I think a Frank Ocean song. Music does something to me that 2D or 3D work can't touch. Also I always remember the lyrics as "Got a fresh pair of Nikes" and it's a nice thought because I always wonder how people who really invest in their Nike game keep them so damn clean! I can't do it. 

What’s your opinion on the “state of poetry”?

I think the moment we put something into a "state", we isolate it. Like the state of Israel, for example, who doesn't feel beholden to identify Palestine as a state, to be political for a moment. I use this example because it is extreme and I think it can be extreme to classify in such ways. I think the state of poetry is that it lives in a world unto itself and that is dangerous, that is why few people outside of those who write it, read it, and largely why I ran away from the writing world for a while. It's probably why I also come off as cynical about it. I think poetry is and more often than not, benefits from being a state of being or living. If we live our lives poetically, we write better (ideally) and are still present and involved in the world. I am still wary about writing in our current climate if what I am saying is not directly/indirectly to the end of freeing us in some way. I still haven't figured that out exactly but I am trying to make it more of a conscious effort.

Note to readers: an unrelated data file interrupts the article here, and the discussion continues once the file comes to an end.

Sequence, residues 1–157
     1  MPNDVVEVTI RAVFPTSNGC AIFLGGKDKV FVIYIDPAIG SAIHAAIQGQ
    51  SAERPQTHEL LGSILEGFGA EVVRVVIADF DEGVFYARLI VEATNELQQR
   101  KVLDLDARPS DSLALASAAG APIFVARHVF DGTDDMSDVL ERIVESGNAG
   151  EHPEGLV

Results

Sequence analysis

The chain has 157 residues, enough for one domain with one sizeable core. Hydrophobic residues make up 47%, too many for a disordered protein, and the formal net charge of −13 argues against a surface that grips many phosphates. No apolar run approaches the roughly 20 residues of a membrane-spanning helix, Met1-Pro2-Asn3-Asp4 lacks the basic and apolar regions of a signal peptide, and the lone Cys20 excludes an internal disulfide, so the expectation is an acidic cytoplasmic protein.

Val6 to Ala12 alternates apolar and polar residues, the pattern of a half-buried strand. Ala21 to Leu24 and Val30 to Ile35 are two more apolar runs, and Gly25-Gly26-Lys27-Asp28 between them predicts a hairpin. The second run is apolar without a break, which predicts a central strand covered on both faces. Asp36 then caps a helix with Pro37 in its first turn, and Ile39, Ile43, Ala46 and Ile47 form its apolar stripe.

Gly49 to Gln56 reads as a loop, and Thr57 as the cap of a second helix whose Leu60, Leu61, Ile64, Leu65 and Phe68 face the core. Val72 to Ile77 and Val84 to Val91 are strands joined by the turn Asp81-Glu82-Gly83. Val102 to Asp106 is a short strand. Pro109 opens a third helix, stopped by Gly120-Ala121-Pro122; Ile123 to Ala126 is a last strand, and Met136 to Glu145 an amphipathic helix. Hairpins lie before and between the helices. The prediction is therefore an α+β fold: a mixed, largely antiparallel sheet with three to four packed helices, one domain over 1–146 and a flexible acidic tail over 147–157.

If anything though, I am learning now that I can't be caught up in the 'why' or 'what' is going to happen to poetry but that we must continue to write or create in some capacity because it is really our last weapon of change for those charged with having such an outlet or talent, if you will. 

What are you reading right now? What did you start reading but stopped 10 minutes later and haven’t started again?

Right now I am reading a few things,10th of December by George Saunders which is totally surprising and fresh and moving to me and Jane Wong's Overpour, which is fucking flawless. I started reading Farenheit 451 because I am so embarrassed about how few classic novels I have read but put it down because it wasn't too long after the election and it was just too much. 

If there is any book you could have written but didn’t, what would it be?

I would have loved to have written Actual Air by David Berman. It's pitch-perfect in my mind and the dude just went away after writing it. I wish we all had the wisdom to sometimes just stop and find the new or next thing.  

And, finally, what’s a day-in-the-life like for Zachary?

If I am not working on a film set (which is my current occupation), I am usually seeking out the best bowl of ramen in Minneapolis, riding my bike to a lake, pitching my hammock with some kinda new beverage I am trying out that week, a book, a fruit thing and staying put until the sun falls out of the sky. So yeah, sleeping under trees, okay. But until I do that, I am likely in bed for a while, thinking that I need to be writing more.